We've got to balance the cost versus the safety of our public. We believe that the National Guard is a good value for the money and that by spreading those combat forces across the nation, the public is better served and better secured. —Utah National Guard Gen. Jefferson Burton
SALT LAKE CITY — More than 200 Utah National Guard members could be out of a job if the federal government cuts the state's fleet of Apache helicopters.
The Army chief of staff has proposed removing AH-64 Apache helicopters from the country's National Guard units, including Utah's 211th Aviation Group, to save money. The cut requires approval from Congress and U.S. Secretary of Defense Chuck Hagel.
Utah National Guard Gen. Jefferson Burton said Monday he opposes the proposal to limit Apaches to active Army units only.
"We believe it's overkill, No. 1," Burton said. "We also believe it's dangerous because it takes the National Guard out of the combat aviation business."
An estimated 212 Utah National Guard members could be out of work if the Apaches assigned to the state are taken out of the arsenal, Burton said. Utah is approved to host up to 24 Apaches and currently has 16.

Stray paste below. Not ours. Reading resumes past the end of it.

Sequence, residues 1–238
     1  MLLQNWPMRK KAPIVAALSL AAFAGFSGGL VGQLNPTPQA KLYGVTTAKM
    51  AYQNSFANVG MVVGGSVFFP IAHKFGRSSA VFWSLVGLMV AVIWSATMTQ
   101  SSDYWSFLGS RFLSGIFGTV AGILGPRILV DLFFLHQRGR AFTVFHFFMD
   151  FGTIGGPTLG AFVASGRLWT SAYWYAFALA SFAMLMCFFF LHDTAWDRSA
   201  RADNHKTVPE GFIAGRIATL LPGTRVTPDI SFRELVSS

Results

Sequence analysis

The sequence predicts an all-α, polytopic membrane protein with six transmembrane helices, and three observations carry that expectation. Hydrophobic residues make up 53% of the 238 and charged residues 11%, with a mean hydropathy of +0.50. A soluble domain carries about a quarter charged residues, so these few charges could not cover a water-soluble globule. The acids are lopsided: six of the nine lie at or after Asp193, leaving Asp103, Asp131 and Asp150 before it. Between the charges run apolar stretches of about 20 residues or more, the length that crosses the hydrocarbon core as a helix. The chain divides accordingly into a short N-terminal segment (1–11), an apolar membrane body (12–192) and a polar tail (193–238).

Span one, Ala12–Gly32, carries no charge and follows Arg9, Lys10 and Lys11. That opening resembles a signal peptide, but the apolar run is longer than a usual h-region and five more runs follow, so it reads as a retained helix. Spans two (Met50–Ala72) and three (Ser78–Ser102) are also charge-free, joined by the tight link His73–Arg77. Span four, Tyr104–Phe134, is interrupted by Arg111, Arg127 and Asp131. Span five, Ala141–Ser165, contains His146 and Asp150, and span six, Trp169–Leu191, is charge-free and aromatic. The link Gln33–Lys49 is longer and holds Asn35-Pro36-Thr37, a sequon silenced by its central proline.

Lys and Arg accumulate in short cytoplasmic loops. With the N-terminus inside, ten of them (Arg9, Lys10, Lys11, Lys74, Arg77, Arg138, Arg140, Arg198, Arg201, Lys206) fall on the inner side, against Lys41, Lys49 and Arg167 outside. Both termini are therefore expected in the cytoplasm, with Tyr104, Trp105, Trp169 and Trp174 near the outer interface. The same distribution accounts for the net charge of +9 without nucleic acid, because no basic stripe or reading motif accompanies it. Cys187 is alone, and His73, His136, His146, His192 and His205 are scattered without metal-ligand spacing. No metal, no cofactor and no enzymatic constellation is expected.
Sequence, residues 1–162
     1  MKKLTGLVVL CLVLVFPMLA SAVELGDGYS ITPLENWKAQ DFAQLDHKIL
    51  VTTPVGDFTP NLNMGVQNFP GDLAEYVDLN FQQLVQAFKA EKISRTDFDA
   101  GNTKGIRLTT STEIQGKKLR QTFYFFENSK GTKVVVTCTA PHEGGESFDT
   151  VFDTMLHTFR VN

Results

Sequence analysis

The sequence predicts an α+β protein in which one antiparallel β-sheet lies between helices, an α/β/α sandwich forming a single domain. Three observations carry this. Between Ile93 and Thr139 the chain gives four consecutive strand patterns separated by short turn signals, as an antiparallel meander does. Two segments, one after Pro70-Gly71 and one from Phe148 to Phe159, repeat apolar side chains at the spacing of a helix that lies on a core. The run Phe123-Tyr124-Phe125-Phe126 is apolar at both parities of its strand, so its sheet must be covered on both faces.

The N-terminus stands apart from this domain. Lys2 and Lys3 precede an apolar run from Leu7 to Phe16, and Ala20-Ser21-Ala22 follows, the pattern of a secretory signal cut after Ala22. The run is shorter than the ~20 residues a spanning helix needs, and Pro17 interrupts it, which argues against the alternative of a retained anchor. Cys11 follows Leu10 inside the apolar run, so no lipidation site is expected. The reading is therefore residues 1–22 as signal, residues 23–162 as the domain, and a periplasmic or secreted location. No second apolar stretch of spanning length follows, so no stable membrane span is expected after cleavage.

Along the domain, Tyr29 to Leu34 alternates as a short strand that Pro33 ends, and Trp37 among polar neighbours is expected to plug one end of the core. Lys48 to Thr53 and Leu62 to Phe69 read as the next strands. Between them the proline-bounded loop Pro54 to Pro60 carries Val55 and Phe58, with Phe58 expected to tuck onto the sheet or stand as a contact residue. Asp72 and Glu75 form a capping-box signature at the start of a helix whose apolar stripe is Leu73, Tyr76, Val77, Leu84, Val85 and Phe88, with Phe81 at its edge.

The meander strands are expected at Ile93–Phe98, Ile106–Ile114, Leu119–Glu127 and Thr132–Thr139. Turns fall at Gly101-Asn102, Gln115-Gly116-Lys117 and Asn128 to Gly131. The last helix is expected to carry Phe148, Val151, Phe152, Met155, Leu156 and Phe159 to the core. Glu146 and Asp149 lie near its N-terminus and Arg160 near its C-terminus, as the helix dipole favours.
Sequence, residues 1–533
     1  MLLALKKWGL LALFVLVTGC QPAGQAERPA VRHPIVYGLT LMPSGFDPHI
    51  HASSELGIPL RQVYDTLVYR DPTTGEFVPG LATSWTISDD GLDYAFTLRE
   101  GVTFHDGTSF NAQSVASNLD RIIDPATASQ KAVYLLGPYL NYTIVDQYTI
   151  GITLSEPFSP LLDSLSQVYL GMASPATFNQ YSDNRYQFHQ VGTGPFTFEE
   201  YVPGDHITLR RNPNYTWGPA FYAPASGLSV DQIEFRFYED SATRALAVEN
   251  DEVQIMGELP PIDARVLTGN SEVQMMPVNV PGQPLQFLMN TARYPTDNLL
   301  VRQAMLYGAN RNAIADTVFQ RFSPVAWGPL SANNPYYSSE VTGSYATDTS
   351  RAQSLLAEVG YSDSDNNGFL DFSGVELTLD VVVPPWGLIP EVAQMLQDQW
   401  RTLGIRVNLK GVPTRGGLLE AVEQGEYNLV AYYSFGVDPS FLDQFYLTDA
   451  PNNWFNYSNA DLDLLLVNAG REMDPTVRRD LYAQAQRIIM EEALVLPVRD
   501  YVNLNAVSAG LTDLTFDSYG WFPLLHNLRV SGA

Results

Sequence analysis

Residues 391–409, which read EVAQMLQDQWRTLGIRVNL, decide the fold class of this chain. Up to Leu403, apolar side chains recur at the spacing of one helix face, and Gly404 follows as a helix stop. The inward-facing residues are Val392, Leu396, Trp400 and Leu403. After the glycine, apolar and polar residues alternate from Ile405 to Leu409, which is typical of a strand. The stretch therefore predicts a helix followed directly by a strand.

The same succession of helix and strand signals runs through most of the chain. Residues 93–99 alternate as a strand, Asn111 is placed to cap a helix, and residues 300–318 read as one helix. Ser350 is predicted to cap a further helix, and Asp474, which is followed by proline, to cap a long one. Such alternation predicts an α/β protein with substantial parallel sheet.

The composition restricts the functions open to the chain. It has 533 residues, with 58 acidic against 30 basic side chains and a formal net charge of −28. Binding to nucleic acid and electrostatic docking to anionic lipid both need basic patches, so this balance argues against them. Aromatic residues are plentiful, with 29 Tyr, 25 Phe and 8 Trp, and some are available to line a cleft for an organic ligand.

Burton says the National Guard can operate the Apaches at half the cost and has a better safety record.
"We've got to balance the cost versus the safety of our public," he said. "We believe that the National Guard is a good value for the money and that by spreading those combat forces across the nation, the public is better served and better secured."
Concentrating the Apaches to only a few locations across the country compromises the National Guard's ability to respond in emergency situations like a flood or an earthquake, Burton said. For example, during Utah's wildfire season, the Apaches have been used to scout hot spots.
In the past five years, active duty Army pilots have recorded 10 accidents in Afghanistan attributed to pilot error, while National Guard pilots have had none, Burton said.
About 300 members of 211th recently spent a year in Afghanistan doing aerial reconnaissance work and providing escorts to coalition aircraft.
Gov. Gary Herbert and members of Utah's congressional delegation said Monday they didn't have any comment on the proposed Apache cut, which is still early in the process.
Representatives from the National Guard could be meeting with staff members for Utah's elected leaders by Friday, Burton said.
"We're doing what we can to let the delegation know this is an issue and a concern," he said. "We're moving as quickly as we can, citizen soldiers, to make sure the issue is known."